15 thoughts on “Chocolate gounache ganache Ganesh

  1. Sheila Ryan

    Seriously, y’all. Will Ganesh (2010) be the werewolf (2009) who replaces the vampire (2008)?

  2. Pamela Martin

    J reports that a statue of Ganesh adorns a window sill in the yoga studio (that his tai chi class takes place in ), and another Ganesh in a niche in a wall there. Ganeshes everywhere! And I”ve seen them elsewhere, but where? Dunno now… . Hey, I like elephants (I guess), but as a religious symbol, Ganesh confuses me. Guess I need Ganesh information to understand!

    Attended a women’s equinox lunch today and heard the Persephone story retold in a (reportedly) more ancient form. Moving, actually. Great bunch of women. Women in bunches…Hmm.

  3. India

    Thanks for clearing that up.

    Also, this is pretty much what happened at my house:

    In a village house, someone had set out an enormous platter of modakas to cool. “Aha!” cried Ganesha, when the aroma reached him, his trunk twitching in delight. He hurried to the thatched house, and slipped in unobserved through the back-door.

    Making himself comfortable he then began to help himself with the modakas. Soon even his tremendous belly was filled. Ganesha looked at the platter. “There are still some left,” he remarked in surprise. He picked up the last few modakas and stuffed them into his mouth. “That was good,” he said, climbing on to the mouse’s back. “Let us go.” The mouse started up obediently. At that very moment a snake slithered across the threshold. The mouse startled, tripped, and his master went flying off his back. Alas, Ganesha’s great stomach was like a sack that is too full and can hold no more. When his body hit the ground, his stomach burst, spilling modakas in every direction.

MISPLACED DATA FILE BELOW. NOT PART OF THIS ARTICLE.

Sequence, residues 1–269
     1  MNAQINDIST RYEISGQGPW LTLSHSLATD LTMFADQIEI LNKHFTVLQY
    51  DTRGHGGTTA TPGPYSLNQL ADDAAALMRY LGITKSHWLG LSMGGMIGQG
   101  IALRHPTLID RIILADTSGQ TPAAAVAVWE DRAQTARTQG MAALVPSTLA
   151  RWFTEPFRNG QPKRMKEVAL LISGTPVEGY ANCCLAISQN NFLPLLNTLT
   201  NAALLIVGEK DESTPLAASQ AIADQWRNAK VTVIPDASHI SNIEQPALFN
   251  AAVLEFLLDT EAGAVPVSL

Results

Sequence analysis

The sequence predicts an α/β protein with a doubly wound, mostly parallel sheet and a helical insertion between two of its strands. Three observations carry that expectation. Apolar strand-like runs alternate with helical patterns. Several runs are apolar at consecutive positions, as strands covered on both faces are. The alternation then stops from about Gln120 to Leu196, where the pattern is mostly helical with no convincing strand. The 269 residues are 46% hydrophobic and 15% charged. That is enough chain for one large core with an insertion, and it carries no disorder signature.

“Oh master, forgive me,” said the mouse. “You are hurt.” “Shhh,” said Ganesha, reaching out for the spilled modakas and hurriedly trying to put them back into his stomach. “No one saw this happen.” Looking around for something to hold his belly together, he saw the snake, still in the doorway. “The very thing,” said Ganesha, and he picked up the snake and tied it around his waist like a belt, to hold in the modakas and keep his belly closed. To this day, he still wears the snake around his middle.

  4. Sheila Ryan

    Bunches of women! Bunches of elephantine deities! Say — spring must be bustin’ out all over!

  5. Mike Dresser Post author

    I want to take this opportunity to express my disappointment that chocolatedeities.com does not sell a Chocolate Jesus.

  6. Sheila Ryan

    All our spiritual chocolates are hand-dipped by family chocolatiers in New York’s Hudson Valley.

  7. Pamela

    Speaking of bunches of women and spring bustin’ out…I recently had the opportunity to hold a number of replicas (of course) of ancient goddess statues–one of the ‘venus of willendorf’, another one much, much older–forget ‘her’ name–dating from around 230,000 BC and from the Golan Heights, and a couple others. I’ve seen photos from any number of art history classes, and such, of these goddess statuettes, but never actually seen one (as in a museum), or held a replica until the other day. Obviously made an impression on me.

    ALL these women figurines are rotund, to say the least (they make me-hah!- look a bit puny), but many of them positively wallow in worship of female fullness and fecundity. I mean, one reads about how we live in an era of, shall we say, ambivalence towards a womanly body, but when I held these little statues in my hand, that so-called ambivalence took on new meaning for me…

    And how does this relate to ol’ Ganesh, chocolate or brass?– One of the things I’ve always enjoyed about Hinduism is its unabashedly–so it seems to me– sensuous depictions of sex and sensuality, and its delight in images of womanly women/goddesses!

  8. Pamela

    Will def check out the ‘chocolate Venus of Willendorf’! Not exactly the replica I had in mind, but a yummier one, no doubt.

    Just returned from our week in the ol’ West…caught a serious Rocky Mountain high–had a really good, and different, time.

    And tiring–trying to connect with all those folks and family and climb a few hills took a toll on me!

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